Branding is often a battle of two perspectives: are you creating value for the individual or solving global problems? Few brands excel at both, and the brand’s more prominent role in the world is often overshadowed, even if it would benefit the business. There are ways to do both, although it is not always easy.
The situation may be familiar: when managers, marketers and consultants start designing brands and communication strategies, the discussion often turns to whether to serve the customer or the world. It doesn’t take long to find a designer who sums up that, in the end, it’s all about the value perceived by the individual target audience member – “What’s in it for me?”
At least at Ellun Kanat, you don’t have to wait long for another designer to throw up a convincing amount of research data on how brands are expected to solve global problems, or at least problems bigger than the company itself.
So are we delivering value to the customer, the individual or solving global problems? Brands are made for customers, so the answer is probably yes to both; we are doing both. If customers perceive making the world a better place as an important selection criterion, then clearly, there is value for the customer.
The aim should be to find a way to better the world that most naturally fits into a profitable business for the company and convinces its target audience.
So our branding work, and that of other agencies, should be able to help clients find a way to better the world that most naturally fits into a profitable business for the company and convinces its target audience. So far, the overall picture still feels manageable and precisely what each of us portrays to the customer in our proposals. But I would argue that it may not be so simple after all. Unfortunately, many real-world examples also show that not many brands ultimately excel at both.
It’s not easy to give a specific answer to a customer’s what’s in it for me question in a way that paints a clear picture of how we are building a better world together. At the top level, it works, but when you refine the idea to make it stand out and thrive in a multichannel information overload, it’s easy to lose sight of one side or the other. Sadly, the brand’s more significant role in the world is often overshadowed.
A social understanding becomes easily obscured
At Ellun Kanat, we are particularly good at understanding the forces of social change and analytically applying them to all aspects of design. Virtually all of our commissions go through a social analysis at some point in the process. We believe this is a great strength and the key to success in many branding projects.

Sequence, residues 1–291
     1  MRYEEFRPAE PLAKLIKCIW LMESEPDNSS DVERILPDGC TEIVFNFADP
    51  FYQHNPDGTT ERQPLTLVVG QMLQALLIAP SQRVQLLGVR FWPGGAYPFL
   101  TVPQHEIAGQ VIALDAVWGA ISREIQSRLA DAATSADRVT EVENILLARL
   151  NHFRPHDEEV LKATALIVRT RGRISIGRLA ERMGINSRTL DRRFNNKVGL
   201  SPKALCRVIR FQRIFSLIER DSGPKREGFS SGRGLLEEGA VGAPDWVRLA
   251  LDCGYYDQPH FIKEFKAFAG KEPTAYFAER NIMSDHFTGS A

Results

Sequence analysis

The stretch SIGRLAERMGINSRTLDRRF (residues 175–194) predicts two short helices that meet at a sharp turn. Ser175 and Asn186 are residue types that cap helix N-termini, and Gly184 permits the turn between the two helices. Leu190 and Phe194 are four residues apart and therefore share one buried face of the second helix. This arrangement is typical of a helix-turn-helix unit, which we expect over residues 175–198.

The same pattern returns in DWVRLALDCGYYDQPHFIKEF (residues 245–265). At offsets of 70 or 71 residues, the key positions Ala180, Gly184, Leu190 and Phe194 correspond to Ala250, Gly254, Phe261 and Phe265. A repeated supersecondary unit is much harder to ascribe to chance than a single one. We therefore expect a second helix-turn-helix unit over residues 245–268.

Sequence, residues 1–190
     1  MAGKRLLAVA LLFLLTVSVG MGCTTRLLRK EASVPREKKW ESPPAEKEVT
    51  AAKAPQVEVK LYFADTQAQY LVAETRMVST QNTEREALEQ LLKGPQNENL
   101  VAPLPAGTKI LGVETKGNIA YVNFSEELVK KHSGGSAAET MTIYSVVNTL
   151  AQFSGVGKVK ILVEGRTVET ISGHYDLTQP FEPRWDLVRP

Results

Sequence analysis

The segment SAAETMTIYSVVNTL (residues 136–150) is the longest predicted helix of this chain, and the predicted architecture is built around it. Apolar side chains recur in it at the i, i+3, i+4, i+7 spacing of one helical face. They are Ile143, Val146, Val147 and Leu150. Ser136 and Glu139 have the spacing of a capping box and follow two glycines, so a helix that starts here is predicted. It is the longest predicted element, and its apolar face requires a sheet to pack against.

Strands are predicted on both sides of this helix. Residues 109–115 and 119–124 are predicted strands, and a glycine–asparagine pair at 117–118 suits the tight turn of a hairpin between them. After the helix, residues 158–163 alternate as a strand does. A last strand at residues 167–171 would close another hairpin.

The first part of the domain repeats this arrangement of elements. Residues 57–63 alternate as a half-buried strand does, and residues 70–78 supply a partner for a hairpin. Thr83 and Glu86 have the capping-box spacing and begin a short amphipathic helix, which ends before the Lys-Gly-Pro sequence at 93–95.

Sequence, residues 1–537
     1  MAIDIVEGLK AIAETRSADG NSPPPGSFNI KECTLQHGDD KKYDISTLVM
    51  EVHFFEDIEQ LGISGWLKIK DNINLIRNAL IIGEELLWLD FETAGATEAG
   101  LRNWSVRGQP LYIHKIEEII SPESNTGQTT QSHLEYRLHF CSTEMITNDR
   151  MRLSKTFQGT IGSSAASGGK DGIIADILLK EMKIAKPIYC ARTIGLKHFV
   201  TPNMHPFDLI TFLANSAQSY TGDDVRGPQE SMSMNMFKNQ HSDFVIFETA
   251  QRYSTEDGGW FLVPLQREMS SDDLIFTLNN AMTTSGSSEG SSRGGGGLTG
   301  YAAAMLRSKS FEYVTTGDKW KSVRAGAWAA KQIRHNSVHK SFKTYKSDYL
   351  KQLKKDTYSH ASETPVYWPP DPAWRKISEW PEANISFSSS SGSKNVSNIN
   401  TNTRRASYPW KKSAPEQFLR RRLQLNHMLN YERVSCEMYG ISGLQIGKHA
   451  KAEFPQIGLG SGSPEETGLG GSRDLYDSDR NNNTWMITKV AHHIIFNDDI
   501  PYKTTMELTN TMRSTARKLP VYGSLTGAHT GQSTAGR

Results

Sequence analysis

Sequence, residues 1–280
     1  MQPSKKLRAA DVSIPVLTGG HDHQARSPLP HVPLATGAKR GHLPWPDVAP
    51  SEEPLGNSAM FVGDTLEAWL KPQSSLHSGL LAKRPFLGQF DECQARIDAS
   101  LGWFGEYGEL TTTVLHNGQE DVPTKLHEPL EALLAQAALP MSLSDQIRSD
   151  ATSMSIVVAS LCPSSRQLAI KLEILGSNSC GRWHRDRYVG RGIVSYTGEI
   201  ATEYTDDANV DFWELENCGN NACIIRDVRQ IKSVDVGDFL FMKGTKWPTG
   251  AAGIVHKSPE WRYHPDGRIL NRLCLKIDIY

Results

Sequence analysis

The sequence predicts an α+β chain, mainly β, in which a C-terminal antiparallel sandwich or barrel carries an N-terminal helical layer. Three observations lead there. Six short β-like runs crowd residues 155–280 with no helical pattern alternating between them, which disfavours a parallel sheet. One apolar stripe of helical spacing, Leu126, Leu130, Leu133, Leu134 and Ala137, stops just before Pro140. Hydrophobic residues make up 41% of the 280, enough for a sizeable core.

Last winter, our Design Director Sasu Haanpää realised that the social understanding had somehow been hidden in the final products of our brand portfolio. We conducted analyses and justified our narratives and choices with social movements. Still, the brand book was filtered through texts and images with a rather traditional feel, in which the social aspect was left out of the story. In practice, however, branding only kicks in when it moves into implementation. Hence, it makes no sense to leave the understanding of the context and social movements only in workshops and background materials. This observation was the starting point for our latest branding product development project.
The brand needs to be relevant to multiple stakeholders. Customers, staff and shareholders are already something, but today’s brand needs to look at the world more holistically.
To address the need for brands from a societal perspective and to enable brand activism with a bolder sense of action and leadership, we developed a couple of additional tools for brands.
At the heart of socially relevant branding is the understanding that a brand needs to be relevant to multiple stakeholders. Customers, staff and owners are already something, but today’s brand needs to look at the world more holistically. To map these stakeholders and create real and relevant brands for them, we developed the CSRE analysis. With this tool, we identify the key stakeholders as challengers, supporters, business framework-setters and enablers. In the planning phase, the tool brings a more holistic perspective, and in the crystallisation phase, it helps to prioritise and focus messages. In contrast, the implementation phase provides better guidance for targeted communication and action. In this way, the brand can be brought to life in a way that is naturally present in the social debate.
The importance of recognising the forces of change
Another new tool helps to monitor and identify the various drivers of change in society. The tool helps define navigating the turbulent seas of social movements and phenomena. The tool will be calibrated as part of our branding work, i.e. we will identify the phenomena we take for granted, identify the phenomena and debates we monitor as potential threats and those we see as opportunities.
We live in exceptionally uncertain times, where geopolitics, empowered minorities and crumbling structural injustice are putting brands and organisations at the mercy of significant pressures for change and risk-filled circumstances. Old tactics are no longer enough, so it is time to adopt new tools. For brands facing a more complex operating environment, we now not only have good analysis to offer as before but also tools to make brands more resilient in times of uncertainty.